Councillor Donald Wilson, Culture and Communities Convener, said: “Edinburgh is home to one of the largest neuroscience networks in Europe so it’s fascinating to see this element of the city and of science influence local artists and their craft. Participating in art and culture is known to assist mental health, but good design can also have therapeutic benefits. This exhibition shines a light on the work of Norman Dott, who as a case in point, used his creative understanding to develop clinical design at the Western General. The worlds of art and science aren’t so separate after all, and this exhibition proves it. I am delighted the City Art Centre has been able to support the display, and in so doing, the profile of these artists and their work.”
Robin Grant, Consultant Neurologist, NHS Lothian, said: “This exhibition mines the rich history and strong identity of the Department of Clinical Neurosciences, reflecting patient experience and creatively interpreting some of the high calibre research taking place here at NHS Lothian”.
Susan Grant, Arts Manager, Edinburgh and Lothian Health Foundation, said : “Edinburgh and Lothians Health Foundation is delighted to have initiated and funded these multi-arts fellowships, presented here in the context of the City Art Centre. The artists have developed genuine collaborative relationships with staff and patients in Clinical Neurosciences as part of a diverse programme of Arts in Health and Wellbeing across the service.”
NHS Lothian’s Art & Therapeutic Design programme and winners of the Alt-w Production Award artist contributions:
Susana Cámara Leret
DCN Creative Research Artist Fellowship – Design
Throughout her fellowship, Susana Cámara Leret has been researching health ecologies and the process of olfaction, from the remarkable ability of Joy Milne, who can diagnose Parkinson’s Disease by smell alone, to exploring how fragrance on a molecular level can trigger memory.
Working with the radiology department at DCN, she has created ‘The Smell of Onyx: Aspirations’, a series of hand blown glass vessels containing the breath of patients who have undergone embolization treatment for Arteriovenous Malformations (AVMs) of the brain and spinal cord.
Alex Menzies & Florence To
DCN Creative Research Artist Fellowship – Music
Musician and composer Alex Menzies regularly collaborates with art director and installation artist Florence To. They are collaborating on a special performative installation in the unique spherical Dott Theatres after the DCN has moved from the Western General to Little France.
Alex has created a pervasive twelve channel audio work for the exhibition that explores his research into music therapy. Florence presents OCM_01, an animation for Sedition, that visualises a tangible sense of gravity and the psychological effects of experiencing a full dome environment.
DCN Creative Research Artist Fellowship – Language & Cognition
Gavin Inglis is a writer of games and fiction. He created the interactive story ‘Hana Feels’ for Cycle 09 of the Alt-w Fund. He began his fellowship by exploring neurofiction, autonomous sensory meridian response (ASMR), artificial intelligence and generative fiction using neural nets.
The exhibition will include work in progress on a graphic novel entitled ‘Not There’ that explores functional neurological disorders. He has collaborated with Consultant Neurologist Dr Jon Stone and illustrator Fin Cramb to create this work, to be published in both print and digital formats.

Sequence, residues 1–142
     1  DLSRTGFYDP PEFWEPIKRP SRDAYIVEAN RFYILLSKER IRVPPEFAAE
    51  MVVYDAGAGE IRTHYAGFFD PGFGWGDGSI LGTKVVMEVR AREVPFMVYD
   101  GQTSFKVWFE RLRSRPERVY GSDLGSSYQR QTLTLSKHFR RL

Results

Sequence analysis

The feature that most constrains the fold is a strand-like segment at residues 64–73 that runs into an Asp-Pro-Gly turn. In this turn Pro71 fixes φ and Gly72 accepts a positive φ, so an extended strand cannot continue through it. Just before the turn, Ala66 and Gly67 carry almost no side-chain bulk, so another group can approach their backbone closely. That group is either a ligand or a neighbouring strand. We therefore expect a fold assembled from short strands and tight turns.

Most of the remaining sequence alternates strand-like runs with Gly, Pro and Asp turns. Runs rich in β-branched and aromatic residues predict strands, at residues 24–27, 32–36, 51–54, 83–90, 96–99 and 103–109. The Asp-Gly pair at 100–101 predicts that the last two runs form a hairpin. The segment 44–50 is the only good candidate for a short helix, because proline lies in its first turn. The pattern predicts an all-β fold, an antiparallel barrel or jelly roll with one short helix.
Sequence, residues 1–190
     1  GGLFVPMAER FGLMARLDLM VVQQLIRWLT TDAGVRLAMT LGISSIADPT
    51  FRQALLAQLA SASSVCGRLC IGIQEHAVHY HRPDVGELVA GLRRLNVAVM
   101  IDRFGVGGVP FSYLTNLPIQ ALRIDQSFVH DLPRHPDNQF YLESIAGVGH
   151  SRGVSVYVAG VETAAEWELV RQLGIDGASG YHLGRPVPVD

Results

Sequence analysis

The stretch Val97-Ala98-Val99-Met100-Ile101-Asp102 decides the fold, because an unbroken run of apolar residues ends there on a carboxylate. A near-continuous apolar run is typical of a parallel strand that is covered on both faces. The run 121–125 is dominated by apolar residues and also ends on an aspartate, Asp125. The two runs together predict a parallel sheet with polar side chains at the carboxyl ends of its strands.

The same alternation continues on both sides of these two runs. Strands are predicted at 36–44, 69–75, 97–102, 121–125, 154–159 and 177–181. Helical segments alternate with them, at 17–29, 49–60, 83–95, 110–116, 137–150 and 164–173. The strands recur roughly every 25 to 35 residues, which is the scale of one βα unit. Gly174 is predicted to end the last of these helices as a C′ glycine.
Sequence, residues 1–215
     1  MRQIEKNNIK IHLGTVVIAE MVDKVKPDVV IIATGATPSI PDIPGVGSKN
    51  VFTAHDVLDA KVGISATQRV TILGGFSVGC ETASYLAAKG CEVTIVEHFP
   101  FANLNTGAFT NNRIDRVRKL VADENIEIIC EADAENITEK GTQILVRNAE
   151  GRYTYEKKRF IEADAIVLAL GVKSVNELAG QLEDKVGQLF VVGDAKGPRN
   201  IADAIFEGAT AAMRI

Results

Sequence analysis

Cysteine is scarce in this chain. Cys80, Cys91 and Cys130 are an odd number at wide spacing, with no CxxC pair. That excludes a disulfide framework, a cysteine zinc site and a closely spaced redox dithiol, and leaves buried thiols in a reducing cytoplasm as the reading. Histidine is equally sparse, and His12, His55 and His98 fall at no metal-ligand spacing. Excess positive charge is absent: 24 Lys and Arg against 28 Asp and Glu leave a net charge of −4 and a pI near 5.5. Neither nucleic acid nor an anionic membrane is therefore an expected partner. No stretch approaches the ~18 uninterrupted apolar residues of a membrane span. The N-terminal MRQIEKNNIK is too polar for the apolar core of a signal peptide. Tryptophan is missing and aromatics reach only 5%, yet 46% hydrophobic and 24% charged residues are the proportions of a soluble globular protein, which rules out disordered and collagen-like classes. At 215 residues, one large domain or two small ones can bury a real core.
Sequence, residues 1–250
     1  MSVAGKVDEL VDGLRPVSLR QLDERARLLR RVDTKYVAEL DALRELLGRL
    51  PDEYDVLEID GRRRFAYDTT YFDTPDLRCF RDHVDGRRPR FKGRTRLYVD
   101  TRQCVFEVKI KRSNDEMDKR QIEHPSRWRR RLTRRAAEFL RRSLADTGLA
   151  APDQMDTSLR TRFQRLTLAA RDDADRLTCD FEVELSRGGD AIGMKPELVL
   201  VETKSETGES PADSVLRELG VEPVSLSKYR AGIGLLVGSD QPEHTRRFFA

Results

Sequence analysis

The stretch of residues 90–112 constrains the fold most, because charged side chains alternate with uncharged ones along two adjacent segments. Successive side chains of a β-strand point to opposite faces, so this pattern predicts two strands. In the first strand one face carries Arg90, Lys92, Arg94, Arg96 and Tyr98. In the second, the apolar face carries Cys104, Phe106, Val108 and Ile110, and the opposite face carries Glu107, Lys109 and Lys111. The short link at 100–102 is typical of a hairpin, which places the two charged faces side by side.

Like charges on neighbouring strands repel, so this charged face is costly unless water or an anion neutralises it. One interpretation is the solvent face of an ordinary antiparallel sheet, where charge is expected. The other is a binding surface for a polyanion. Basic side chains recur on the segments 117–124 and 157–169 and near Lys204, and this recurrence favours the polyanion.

DCN Mentoring Residency – I am in a hare’s likeness now
Artist Jack King-Spooner creates strange and wonderful things. During his residency he looked at ideas concerning hope and false hope within the framework of personal wellbeing, focused on Victorian spiritualism and Scottish witchcraft from the early 20th century.
Quackery through the ages, inadvertent acts of mindfulness and placebo effects were also explored. A facet of this research examined how engaging in an activity, although fraudulent or unproven, could prove worthwhile. He presents an ‘amusement’ arcade machine and book.
DCN Mentoring Residency – Observer Cinema
During his residency filmmaker Sven Werner created an installation and accompanying audio work. It tells the story of a man who, to his own surprise, finds he has a peculiar gift: he is able to recognise and inhabit the blind angles of people’s attention so that he becomes to all eyes invisible.
He learns to move past hundreds of people every day while staying entirely unnoticed. He slowly becomes accustomed to inhabiting these hidden spaces and empty folds of daily life, until he decides to abandon his mundane existence to live only under the radar of the public’s attention.
DCN Mentoring Residency – Design and personal and social identity
Stacey Hunter is a producer, curator and writer. In exploring how healthcare environments have implications for patients in terms of their identity and sense of self, she has been thinking about how the depersonalising effect of clinical environments might be positively counteracted.
As a design specialist, Stacey started with ideas of the ‘dressing table’ and ‘vanity unit’. The residency then considered the accoutrements we surround ourselves with to communicate or sustain our ‘best self’, using international best practice as a resource and reference point.
Cycle 09 Alt-w Production Award – Sagacity
The Small Society Lab at Dundee Contemporary Arts worked with artist Aidan Moesby to construct a reflexive barometer of wellbeing, initially for Dundee, that provides a space – real, imagined or virtual – to reflect on ‘how things are’ and how can they be maintained or improved.
‘The Periodic Table of Emotions’ has now created multiple visible manifestations of the attitude and mood of many different people and places including hospitals, nurturing many ongoing personal connections. Use the hashtag #redbedfeels to engage with the work in the exhibition.
Cycle 06 Alt-w Production Award – Mutsugoto
Mutsugoto is a prototype body-drawing communication device intended for people who find themselves in long distance relationships. It allows partners to communicate through the language of touch as expressed in light on the canvas of the human body.
A custom projection system allows the two users to draw on each other’s bodies whilst they lie in bed. Drawings are transmitted live between their two locations, enabling a different kind of communication that leverages the emotional quality of physical gesture.
Address: City Art Centre, 2 Market Street, Edinburgh EH1 1DE
Telephone: 0131 529 3993
Opening hours: May: Wednesday – Saturday 10am-5pm, Sunday 12noon – 5pm
June & July: Monday – Sunday 10am – 5pm